As written in yesterday’s article, “eBay Auction: Star Trek TOS Original Series Tricorder Prop“, an item was listed on eBay yesterday, marketed as an original tricorder prop from Star Trek: The Original Series, with an opening bid amount of $12,000, which has raised some concerns in the Star Trek collecting community as to it’s authenticity: “Star Trek TOS Original Series Tricorder Prop (1966-69)” (eBay Item #280203748990).
Alec Peters of the Star Trek Prop, Costume, and Auction Blog wrote an article about this auction on his blog today, “Alledged TOS Tricorder on ebay – Mark English replica?“.
As noted in my original article, the piece offered in this auction is also under discussion on two online forums dedicated to Star Trek props and costumes:
- The Star Trek Props, Costumes, and Auctions Forum:
- The Trek Prop Zone forum:
eBay Seller Response
The seller who listed the Original Series Star Trek tricorder on eBay contacted me about my article this afternoon, and I offered him an opportunity to provide a response and/or reaction to the questions about the piece, and to provide additional information. He has posted this as a Reader Comment in the original article, but I wanted to give him full exposure by reposting it here in a separate article.
February 26th, 2008 at 6:30 pm e
As the seller of the TOS Fiberglass Tricorder on ebay; I appreciate this opportunity to post some intial reaction to your comments and observations listed in the blog.
1. Regarding the business sense associated with using ebay as a sales vehicle; I would point out that many of the most respected auction houses now conduct simultaneous ebaylive broadcasts of their auctions to reach a larger number of participants. Some of the most noteworthy Profiles Star Trek sales for much larger dollar amounts were carried on ebay; and ofcourse we also have the regular ItsAWrap auctions which have certainly featured higher-end items drawing near-to and in-excess-of my starting bid amount.
2. By using ebay as opposed to Profiles; I avoid a multi-thousand dollar consignment charge that would have been payable to Profiles should the Tricorder sell; and I also can hold an auction at any time of my choosing … as opposed to being forced into a fixed quarterly or more auction schedule timeframe.
3. Since this Tricorder does not have the impeccable provenance of an item that comes directly from a Dywer or Jefferies collection; I don’t anticipate that it would sell at the extremely high end of the price range observed for those sales; and thus would not anticipate a significant variation in closing bid amount in a non-ebay venue.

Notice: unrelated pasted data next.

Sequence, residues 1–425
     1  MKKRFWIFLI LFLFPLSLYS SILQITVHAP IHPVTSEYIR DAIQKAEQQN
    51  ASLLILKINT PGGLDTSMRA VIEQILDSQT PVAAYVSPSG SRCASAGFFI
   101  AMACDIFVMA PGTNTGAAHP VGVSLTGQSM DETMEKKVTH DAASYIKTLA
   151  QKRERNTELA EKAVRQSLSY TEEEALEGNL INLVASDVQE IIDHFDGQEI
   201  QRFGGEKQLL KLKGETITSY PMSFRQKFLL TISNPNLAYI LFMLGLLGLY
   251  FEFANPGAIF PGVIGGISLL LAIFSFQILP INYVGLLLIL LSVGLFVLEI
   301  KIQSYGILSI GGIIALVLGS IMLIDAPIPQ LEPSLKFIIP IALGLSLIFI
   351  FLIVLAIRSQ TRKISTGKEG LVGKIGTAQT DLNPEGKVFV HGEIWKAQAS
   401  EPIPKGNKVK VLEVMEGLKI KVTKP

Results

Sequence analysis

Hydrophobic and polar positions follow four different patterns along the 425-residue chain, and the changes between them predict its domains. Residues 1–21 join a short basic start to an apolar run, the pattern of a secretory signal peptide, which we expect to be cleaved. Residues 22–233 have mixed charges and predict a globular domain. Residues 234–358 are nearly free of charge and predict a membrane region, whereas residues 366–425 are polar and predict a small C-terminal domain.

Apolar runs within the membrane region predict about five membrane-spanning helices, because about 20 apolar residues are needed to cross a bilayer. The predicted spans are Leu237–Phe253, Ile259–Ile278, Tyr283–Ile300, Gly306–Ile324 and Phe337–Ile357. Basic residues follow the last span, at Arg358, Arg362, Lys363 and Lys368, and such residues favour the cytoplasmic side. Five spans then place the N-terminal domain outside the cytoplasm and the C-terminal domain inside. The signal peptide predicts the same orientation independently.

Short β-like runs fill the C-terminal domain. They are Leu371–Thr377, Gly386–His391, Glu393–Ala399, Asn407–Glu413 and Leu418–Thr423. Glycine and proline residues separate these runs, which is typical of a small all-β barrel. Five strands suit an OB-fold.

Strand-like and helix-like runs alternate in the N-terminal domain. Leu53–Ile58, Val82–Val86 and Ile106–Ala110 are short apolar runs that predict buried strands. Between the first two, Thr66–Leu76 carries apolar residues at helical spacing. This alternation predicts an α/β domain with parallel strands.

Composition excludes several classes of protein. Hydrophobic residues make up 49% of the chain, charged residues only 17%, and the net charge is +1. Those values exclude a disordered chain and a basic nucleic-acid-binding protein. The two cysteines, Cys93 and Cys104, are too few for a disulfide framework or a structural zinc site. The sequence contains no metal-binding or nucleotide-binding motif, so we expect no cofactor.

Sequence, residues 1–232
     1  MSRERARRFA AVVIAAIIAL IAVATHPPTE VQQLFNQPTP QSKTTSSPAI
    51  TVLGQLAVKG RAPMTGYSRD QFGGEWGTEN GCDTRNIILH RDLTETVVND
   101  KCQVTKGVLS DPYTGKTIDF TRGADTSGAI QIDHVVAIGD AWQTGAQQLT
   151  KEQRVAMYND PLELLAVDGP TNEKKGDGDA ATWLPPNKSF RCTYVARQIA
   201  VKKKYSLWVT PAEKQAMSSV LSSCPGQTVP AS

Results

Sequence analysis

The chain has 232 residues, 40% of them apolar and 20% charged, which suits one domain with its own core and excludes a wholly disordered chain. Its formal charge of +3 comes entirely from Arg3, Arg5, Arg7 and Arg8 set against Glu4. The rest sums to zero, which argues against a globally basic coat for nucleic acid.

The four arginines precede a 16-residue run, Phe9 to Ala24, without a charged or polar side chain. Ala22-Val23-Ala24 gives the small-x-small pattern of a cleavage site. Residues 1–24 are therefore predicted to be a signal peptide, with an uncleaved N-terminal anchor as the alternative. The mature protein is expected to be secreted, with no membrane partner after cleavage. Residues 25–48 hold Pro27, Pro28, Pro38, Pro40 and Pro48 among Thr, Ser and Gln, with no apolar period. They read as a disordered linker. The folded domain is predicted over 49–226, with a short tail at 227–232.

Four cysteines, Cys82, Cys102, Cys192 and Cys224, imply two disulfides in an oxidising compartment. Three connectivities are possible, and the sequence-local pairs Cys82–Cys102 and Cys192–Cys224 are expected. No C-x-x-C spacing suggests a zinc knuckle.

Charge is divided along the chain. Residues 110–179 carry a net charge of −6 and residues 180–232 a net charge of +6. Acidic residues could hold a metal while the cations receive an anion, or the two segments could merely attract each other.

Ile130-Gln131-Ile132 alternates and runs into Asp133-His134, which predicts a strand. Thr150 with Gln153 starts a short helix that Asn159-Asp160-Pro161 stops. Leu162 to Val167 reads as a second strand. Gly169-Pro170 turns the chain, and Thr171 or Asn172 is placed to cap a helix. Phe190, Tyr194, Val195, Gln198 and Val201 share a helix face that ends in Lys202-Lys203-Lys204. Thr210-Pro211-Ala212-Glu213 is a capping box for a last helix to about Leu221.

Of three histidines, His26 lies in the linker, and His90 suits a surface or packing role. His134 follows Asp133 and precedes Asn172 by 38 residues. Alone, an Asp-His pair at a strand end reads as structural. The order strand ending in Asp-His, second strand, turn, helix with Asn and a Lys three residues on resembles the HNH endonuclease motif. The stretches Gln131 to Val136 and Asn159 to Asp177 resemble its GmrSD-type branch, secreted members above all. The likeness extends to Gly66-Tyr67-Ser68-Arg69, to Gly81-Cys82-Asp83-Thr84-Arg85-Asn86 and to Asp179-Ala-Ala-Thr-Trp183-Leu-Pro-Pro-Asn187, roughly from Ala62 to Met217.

4. By using ebay; I am actually able to provide the potential buyer with many (approx. 10) high resolution photos of the piece from different perspectives; and the provenance certificate. While if the item were offered in a Profiles catalog; it would typically be presented with just a single small lower resolution picture.
Thus, ebay enables closer scrutiny of the design and construction details.
5. The admittedly lengthy “marketing description” was truly intended to provide the auction viewer with some background on myself; to also provide a detailed description of the condition of the Tricorder with in-depth discussion of potential flaws or blemishes” – full disclosure; and also very importantly I hoped to give some general insight / overview on the whole field of TOS prop authentication in order to benefit the novice reader. By indicating that authentic pieces are known to feature certain, sometimes significant variations on materials and components; I believe I convey that the authentication process is not cut and dried and this would tend to cause most readers to exercise more caution when making a purchase. I also point out that there are erroneous expert opinions about TOS prop design (and I cite a couple of examples) … so again; pointing out that there are different opinions and conflicting views would tend to make a reader more cautious in my opinion.
6. I do not ever imply that this piece can be easily resold for many times its starting bid; and that was not the intent at all in providing the Profiles sales and pre-auction estimate data.
I am using the data to establish my bid amount is within the acceptable range for other authentic TOS Tricorders. At the low end of the 2001 range. Since it is a significant dollar amount; I wanted to provide some historical data to confirm that I didn’t pick the number out of the air. And I think most would obviously know that the pieces with the highest levels of provenance (the Dwyers and the Jefferies) are the ones that leap out of the range into the $30,000 to $40,000 league. The items with less direct ties to the Desilu soundstage (which is the situation for almost all of the authentic TOS material in existence, since these props and costumes have been in circulation outside the studio for 30+ years) would obviously sell for much lower values in accordance with their weaker provenance.